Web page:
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can someone explain this pricing scheme?

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twump

Member
Joined
Jan 5, 2002
Location
CA
ok so i'm at compusa today looking for some blank dvd's and being the geek that i am i browse all the comp hardware also. as i'm looking through the networking isle i finally find the netgear WAP thats the same standard as my wireless router. my router runs about $90. now i look at the price of the WAP and its $129!!. isn't a WAP just a wireless hub? how in the bloody blue hell is a WAP more expensive then a wireless router?


here is a link to the WAP.
http://www.compusa.com/products/product_info.asp?sid=3FE39100B9617F&product_code=302619&pfp=BROWSE

and here is a link to the router.
http://www.compusa.com/products/product_info.asp?sid=3FE39100B9617F&product_code=302517&pfp=BROWSE



I have been wanting a couple WAP's because the distance of my router isn't very good indoors, but there is no way i am spending $40 more for a WAP that does less then a router. i may as well go pickup a couple more routers and use them as WAP.

is there something i'm missing here? does this WAP do something i'm not aware of?how can a wireless hub cost more then a wireless router of the same brand and standards?
 

su root

Senior Member, --, I teach people how to read your
Joined
Aug 25, 2001
Location
Ontario, Canada
WAPs, although they do the same thing as wireless routers, were meant for larger networks. As such, they are equiped to do extra things, like handoffs (so that if you move out of range of one WAP, and into the range of another, it will seemlessly transfer you over, without a bump in your download). Also has things like RADIUS authentication, or more powerful security methods, like LEAP. Some of them use Power over Ethernet, another thing you will not find in routers. They also tend to have better range, as far as I've heard, because wireless routers are usually defaulted/disabled to a shorter range to reduce radio spamming.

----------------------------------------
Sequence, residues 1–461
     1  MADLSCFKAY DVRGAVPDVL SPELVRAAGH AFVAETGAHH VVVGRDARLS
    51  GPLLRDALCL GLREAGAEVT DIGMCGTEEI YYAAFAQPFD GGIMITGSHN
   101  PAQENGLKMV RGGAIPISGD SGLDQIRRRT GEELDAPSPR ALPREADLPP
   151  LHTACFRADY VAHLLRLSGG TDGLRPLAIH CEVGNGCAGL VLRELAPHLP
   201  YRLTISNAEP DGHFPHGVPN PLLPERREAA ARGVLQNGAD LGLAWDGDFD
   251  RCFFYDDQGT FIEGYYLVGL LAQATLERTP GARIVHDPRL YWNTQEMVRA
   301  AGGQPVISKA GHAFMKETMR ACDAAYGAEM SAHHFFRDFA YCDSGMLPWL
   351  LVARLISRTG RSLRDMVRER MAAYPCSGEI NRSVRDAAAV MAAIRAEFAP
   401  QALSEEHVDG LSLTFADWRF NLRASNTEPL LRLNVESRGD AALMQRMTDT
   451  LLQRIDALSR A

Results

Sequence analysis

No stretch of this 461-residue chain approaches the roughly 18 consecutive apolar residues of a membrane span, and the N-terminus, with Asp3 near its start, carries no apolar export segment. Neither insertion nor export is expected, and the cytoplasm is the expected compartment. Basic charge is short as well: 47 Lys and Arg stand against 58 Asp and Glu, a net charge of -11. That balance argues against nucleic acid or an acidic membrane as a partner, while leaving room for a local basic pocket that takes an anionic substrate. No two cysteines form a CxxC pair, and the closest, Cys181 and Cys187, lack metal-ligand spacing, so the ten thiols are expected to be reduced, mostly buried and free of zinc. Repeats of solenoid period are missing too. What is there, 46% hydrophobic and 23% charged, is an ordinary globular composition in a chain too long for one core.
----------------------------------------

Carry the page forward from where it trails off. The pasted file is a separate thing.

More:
This stuff is for enterprise use, it's not too often you would find a RADIUS server in a home environment, or even more than one router.
 

lanman31337

Member
Joined
Nov 19, 2003
It's not a wireless hub, more like a wireless switch. Like su root said, unless you have a gigantic house, or you have a ton of interference, you won't need a wireless access point. Have you done a site survey of your place?

su root: I do believe the cisco aironet series uses POE for their routers and WAPS